To reduce heat loss from a house in cold weather, all walls, ceilings, roofs and floors which separate heated from unheated spaces should be insulated.
Insulation should be placed on all outside walls and in the ceiling. In houses involving unheated crawl spaces, insulation should be placed between the floor joists. If a bulk type of insulation is used, it should be well supported by slats and a galvanized mesh wire or by a rigid board.
Reflective insulation is often used for insulation of crawl spaces. Crawl spaces, as well as attic spaces, should be ventilated. A ground cover of roll roofing may also be placed on the soil of crawl spaces to decrease the moisture content of the space.
In 1 ½ story houses, insulation should be placed along all areas that are adjacent to unheated areas. These include stairways, dwarf walls, and dormers. Provisions should be made for ventilation of the unheated areas.
Where attic storage space is unheated and a stairway is included, insulation should be used around the stairway as well as in the first floor ceiling. The door leading to the attic should be weather-stripped to prevent heat loss. Walls adjoining an unheated garage or porch should also be insulated.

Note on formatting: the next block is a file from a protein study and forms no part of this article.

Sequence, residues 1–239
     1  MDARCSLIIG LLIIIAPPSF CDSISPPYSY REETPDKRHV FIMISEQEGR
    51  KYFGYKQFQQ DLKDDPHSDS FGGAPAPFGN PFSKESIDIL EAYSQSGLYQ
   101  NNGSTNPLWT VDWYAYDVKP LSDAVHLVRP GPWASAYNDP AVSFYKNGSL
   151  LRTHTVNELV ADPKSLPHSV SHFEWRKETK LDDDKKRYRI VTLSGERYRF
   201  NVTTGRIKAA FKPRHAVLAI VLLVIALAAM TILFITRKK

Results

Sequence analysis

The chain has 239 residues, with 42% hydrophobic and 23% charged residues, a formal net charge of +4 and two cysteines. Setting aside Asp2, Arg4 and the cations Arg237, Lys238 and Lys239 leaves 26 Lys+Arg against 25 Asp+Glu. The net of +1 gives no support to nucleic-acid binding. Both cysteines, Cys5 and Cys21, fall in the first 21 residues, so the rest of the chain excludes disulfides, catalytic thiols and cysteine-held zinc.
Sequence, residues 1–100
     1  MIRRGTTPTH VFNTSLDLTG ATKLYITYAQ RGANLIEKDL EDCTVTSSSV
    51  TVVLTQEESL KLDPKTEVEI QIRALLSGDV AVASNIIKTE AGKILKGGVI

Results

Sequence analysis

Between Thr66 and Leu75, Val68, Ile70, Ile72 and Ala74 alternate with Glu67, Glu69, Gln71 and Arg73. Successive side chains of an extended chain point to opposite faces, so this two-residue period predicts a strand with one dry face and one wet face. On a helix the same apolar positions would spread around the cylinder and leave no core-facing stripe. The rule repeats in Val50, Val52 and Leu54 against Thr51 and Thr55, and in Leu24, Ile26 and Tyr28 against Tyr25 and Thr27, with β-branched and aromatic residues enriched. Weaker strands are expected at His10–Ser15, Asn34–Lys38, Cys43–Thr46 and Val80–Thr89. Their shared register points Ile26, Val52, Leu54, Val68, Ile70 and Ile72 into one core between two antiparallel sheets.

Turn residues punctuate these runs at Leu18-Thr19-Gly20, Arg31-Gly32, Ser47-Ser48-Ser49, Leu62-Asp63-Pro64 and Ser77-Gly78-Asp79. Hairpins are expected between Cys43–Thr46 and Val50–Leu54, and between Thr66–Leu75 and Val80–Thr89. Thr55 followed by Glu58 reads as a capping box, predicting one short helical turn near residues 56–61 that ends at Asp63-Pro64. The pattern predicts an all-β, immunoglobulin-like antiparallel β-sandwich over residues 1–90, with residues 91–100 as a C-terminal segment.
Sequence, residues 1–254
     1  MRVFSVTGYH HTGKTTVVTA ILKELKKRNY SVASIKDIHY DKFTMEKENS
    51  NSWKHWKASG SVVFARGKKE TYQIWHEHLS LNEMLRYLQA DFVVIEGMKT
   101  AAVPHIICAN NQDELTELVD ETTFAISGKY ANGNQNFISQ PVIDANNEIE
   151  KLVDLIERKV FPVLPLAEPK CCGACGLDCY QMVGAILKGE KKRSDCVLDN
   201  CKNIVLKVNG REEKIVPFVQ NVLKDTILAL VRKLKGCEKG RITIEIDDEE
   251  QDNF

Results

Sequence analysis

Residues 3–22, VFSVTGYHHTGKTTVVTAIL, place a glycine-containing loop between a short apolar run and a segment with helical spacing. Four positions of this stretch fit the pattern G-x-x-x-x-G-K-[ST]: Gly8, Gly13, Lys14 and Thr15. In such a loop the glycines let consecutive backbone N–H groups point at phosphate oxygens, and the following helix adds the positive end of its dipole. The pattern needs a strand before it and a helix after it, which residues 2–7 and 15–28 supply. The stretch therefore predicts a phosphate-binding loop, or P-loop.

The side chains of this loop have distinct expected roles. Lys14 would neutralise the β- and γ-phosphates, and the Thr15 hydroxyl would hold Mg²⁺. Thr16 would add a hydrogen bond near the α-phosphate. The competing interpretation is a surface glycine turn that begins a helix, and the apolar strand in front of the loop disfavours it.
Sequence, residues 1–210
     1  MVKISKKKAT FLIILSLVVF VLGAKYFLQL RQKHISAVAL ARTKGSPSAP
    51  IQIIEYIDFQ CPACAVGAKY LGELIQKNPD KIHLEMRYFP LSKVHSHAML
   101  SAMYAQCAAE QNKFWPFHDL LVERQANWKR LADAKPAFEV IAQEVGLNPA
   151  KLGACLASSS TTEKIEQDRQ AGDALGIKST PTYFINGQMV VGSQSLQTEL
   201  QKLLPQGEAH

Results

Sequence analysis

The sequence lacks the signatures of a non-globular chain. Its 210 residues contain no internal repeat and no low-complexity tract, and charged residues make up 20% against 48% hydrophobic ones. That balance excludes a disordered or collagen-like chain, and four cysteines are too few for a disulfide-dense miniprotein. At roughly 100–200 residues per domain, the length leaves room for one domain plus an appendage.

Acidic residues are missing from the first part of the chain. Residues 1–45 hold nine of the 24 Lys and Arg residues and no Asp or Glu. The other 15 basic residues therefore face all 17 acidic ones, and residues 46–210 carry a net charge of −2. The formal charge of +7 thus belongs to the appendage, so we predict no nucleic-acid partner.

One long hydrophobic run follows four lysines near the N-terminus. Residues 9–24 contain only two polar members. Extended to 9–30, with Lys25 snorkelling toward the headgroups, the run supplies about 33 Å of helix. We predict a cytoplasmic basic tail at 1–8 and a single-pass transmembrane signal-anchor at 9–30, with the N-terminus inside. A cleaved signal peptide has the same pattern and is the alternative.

In flat or low-pitched houses, insulation should be used in the ceiling area with sufficient space allowed above for a clear ventilating area between the joists. Insulation should be used along the perimeter of houses built on slabs. A vapor barrier should be included under the slab.
Insulation can be used effectively to improve comfort conditions within the house during hot weather. Those surfaces exposed to the direct rays of the sun may arraign temperatures of 50 degrees F or more above shade temperature and, of course, tend to transfer this heat towards the inside of the house. Insulation in roofs and walls retards this flow of heat and, consequently, less heat is transmitted through such surfaces.
Where any system of cooling hot-weather air, such as central air-conditioning, is used, insulation should be installed in all exposed ceilings and walls in the same manner as for preventing heat loss in cold weather. Or course, where cooling is used, the windows and doors would be kept closed during periods when outdoor temperatures are above inside temperatures. Windows exposed to the sun should be shaded with awnings.
Ventilation of attic and rood spaces is an important adjunct to insulation. Without ventilation, an attic space may become very hot and hold the heat for many hours. Obviously more heat will be transmitted through the ceiling when the attic temperature is 150 degrees F than if it is 120 degrees F.
Ventilation methods suggested for protection against cold-weather condensation apply equally well to protection against excessive hot-weather roof temperatures.
See Also: How is Insulation Made